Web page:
indianz.com your internet resource indianz.com on facebook indianz.com on twitter indianz.com on Google+
ph: 202 630 8439   fax: 202 318 2182
Fredericks Peebles & Morgan LLP
Advertise on Indianz.Com
Home > News > Headlines
Print   Subscribe
Report highlights tribal environmental successes
Monday, May 7, 2007
Filed Under: Environment

A new report from the Interior Department and the Environmental Protection Agency highlights tribal successes in protecting the environment and natural resources.

Tribes face numerous barriers when they try to implement environmental programs, the report released this month said. The challenges include inadequate resources, complex legal issues and limited cooperation with other governments.

But the 14 tribes represented have succeeded by adopting innovative strategies, the report said. The tribes have developed partnerships, reached out to communities and leveraged their resources to develop programs to fit their needs.

"Innovation is a key variable for tribes to maximize the effectiveness of their programs," wrote DOI Inspector General Earl E. Devaney and EPA Inspector General Bill A. Roderick in the 42-page report.

DOI and EPA visited 14 tribes, from Maine to Alaska, to learn about their efforts. They found a diverse set of programs, such as wolf recovery by the Nez Perce Tribe of Idaho and land restoration by the Wiyot Tribe of California.

With little funding, the Wiyot Tribe has raised money to purchase land on Island Island, the center of the Wiyot universe and the site of a massacre in 1860 that nearly wiped out the tribe. After community outreach efforts, the city of Eureka ended up donating 60 acres to the tribe.

"It was a historic occasion for the tribe as well as for the city of Eureka, which became one of a small number of cities in the United States to return a sacred site to indigenous people," the report said.

In addition to programs like waste management by the St. Regis Mohawk Tribe of New York and water quality by the Penobscot Nation of Maine, DOI and EPA came across efforts in areas that aren't traditionally associated with the environment. For example, the Cherokee Nation of Oklahoma has developed expertise in methamphetamine lab assessments.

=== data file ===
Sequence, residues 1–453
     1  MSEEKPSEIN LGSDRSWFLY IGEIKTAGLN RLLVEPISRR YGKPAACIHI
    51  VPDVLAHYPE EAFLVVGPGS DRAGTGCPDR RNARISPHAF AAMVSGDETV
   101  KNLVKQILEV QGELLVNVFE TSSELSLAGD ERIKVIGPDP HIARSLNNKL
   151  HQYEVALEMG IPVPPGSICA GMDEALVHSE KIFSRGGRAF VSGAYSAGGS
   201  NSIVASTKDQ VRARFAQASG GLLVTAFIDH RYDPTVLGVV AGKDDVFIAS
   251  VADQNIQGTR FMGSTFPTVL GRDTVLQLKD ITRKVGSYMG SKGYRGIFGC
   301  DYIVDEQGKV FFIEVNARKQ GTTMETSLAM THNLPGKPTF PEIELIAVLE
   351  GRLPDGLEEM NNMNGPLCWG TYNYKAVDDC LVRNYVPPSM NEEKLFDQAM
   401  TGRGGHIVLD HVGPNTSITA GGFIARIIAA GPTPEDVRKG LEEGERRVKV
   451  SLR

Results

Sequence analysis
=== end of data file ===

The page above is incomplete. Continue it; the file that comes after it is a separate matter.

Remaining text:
Concerned about the meth epidemic nationwide, the tribe has learned to control the environmental and health risks associated with the drug. "The level of contamination found at a meth lab site depends on a number of factors, including the method used to produce meth, cooking duration, location, and ventilation," the report said.

Through its efforts, the tribe has educated the community about the dangers of meth and plans to conduct training sessions throughout Indian Country, the report said. The tribe's territory covers 14 counties in northeastern Oklahoma.

The Metlakatla Indian Community in Alaska also engages in unique efforts. Linking economic development to the environment, the tribe has opened a water bottling plant that supplies water to and plans to create a rock quarry.

"Our main goal is making sure that the community and island will be self-sustaining," a tribal member said for the report. "We have an abundance of resources and want to keep them."

The report, titled "Tribal Successes: Protecting the Environment and Natural Resources," was the first of its kind for DOI and EPA. The departments conducted site visits from January 2006 through November 2006 to learn more from the tribes about their programs.

Get the Report:
Tribal Successes: Protecting the Environment and Natural Resources (May 2007)

Relevant Links:
Department of the Interior - http://www.doi.gov
Environmental Protection Agency - http://www.epa.gov

Related Stories:
EPA still reviewing Navajo Nation power plant (05/04)
EPA plans to clean up uranium sites on Navajo Nation (05/02)
Nez Perce Tribe water settlement finalized (05/01)
Low water levels threaten wild rice bed in Wisconsin (04/25)
Mohegan Chair: Tribe works to protect Mother Earth (04/23)
Passamaquoddy Tribe sells land for gas project (04/23)
Alaska Native group challenges drilling project (04/17)